New study explores impacts of marine and freshwater predators on ecosystems and society
Credit: Shark, tarpon and cape fur seal: Neil Hammerschlag, Ph.D.
American Crocodile: Massimo Giorgetta
MIAMI–March 11, 2019– A new study from a team of leading scientists reports on the diverse ways that aquatic predators, such as sharks and alligators, can impact ecosystems and also benefit human society. The study shows how these important ecological processes and ecosystem services to society can break down or recover from population losses and recoveries of aquatic predators.
“Aquatic predators can influence their ecosystems by keeping prey populations in check, controlling the flow of nutrients, preventing the spread of diseases and invasive species, and even creating new habitats for other organisms,” said lead study author Neil Hammerschlag, a research associate professor at the University of Miami (UM) Rosenstiel School and Abess Center for Ecosystem Science & Policy. “In addition to benefiting humans as food, they are highly sought after for sport fishing, scuba diving and ecotourism, which creates thousands of jobs.”
The study also describes how aquatic predators can moderate climate change effects and have become inspiration for new products, such as shark skin-mimicking surfaces, being used to design more aerodynamic drones and planes, as well as the development of new medicines.
“To aid in future investigations, we identified 16 priority research questions.” said Steven Cooke, study co-author and professor at Carleton University, Canada. “One of the most critical is understanding how climate change is affecting the ecological roles of aquatic predators and the services they provide to humans in a changing world.”
The study concludes with a framework to aid policy makers and wildlife managers in supporting adaptive decision making involving aquatic predators within a context that maximizes their ecosystem function as well as the benefits they provide to humans under current and future environmental change.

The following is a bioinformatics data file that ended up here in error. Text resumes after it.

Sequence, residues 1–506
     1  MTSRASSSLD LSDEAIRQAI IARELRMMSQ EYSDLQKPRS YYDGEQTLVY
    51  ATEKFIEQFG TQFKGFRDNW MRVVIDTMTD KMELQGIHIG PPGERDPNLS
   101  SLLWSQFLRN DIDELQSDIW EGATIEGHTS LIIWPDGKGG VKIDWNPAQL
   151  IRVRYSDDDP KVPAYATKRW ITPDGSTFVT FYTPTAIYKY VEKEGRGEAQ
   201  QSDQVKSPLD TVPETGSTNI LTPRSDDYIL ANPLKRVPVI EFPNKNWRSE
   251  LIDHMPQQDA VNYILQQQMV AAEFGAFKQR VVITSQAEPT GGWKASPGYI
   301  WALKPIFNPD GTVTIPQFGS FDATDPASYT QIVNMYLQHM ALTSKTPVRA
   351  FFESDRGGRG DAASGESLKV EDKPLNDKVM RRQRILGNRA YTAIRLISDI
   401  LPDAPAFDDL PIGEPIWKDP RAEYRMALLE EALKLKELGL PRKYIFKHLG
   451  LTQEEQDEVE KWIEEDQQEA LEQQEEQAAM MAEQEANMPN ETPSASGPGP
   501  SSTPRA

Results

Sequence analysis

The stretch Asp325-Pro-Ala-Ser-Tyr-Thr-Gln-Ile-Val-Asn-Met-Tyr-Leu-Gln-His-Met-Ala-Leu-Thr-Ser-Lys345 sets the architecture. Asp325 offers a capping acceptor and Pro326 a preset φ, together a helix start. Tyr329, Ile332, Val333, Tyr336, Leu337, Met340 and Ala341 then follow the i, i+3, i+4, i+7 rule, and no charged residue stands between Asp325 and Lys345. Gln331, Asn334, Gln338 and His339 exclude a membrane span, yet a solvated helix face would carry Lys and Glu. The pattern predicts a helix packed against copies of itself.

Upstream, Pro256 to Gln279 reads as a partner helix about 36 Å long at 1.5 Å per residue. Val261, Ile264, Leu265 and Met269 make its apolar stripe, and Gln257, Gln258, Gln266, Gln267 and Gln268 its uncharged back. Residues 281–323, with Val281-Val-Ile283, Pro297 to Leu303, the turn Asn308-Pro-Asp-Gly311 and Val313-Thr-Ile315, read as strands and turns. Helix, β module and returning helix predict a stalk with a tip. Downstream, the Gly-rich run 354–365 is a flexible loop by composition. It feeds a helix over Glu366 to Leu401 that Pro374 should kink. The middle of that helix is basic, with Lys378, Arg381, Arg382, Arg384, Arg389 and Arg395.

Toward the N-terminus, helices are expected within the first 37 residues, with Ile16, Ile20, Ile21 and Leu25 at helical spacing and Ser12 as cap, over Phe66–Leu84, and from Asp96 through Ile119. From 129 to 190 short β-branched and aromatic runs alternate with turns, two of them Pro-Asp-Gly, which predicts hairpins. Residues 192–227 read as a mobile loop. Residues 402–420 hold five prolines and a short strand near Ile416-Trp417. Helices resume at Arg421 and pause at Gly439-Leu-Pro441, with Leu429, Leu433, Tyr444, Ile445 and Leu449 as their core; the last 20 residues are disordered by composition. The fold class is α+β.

The study, titled “Ecosystem Function and Services of Aquatic Predators in the Anthropocene”, DOI https:/
Organismic and Evolutionary Biology Program, University of Massachusetts, Rachel Skubel
Leonard and Jayne Abess Center for Ecosystem Science and Policy, University of Miami, Steven J. Cooke, Fish Ecology and Conservation Physiology Laboratory, Carleton University, Ottawa
About the University of Miami’s Rosenstiel School:
The University of Miami is one of the largest private research institutions in the southeastern United States. The University’s mission is to provide quality education, attract and retain outstanding students, support the faculty and their research, and build an endowment for University initiatives. Founded in the 1940’s, the Rosenstiel School of Marine & Atmospheric Science has grown into one of the world’s premier marine and atmospheric research institutions. Offering dynamic interdisciplinary academics, the Rosenstiel School is dedicated to helping communities to better understand the planet, participating in the establishment of environmental policies, and aiding in the improvement of society and quality of life. For more information, visit: http://www.
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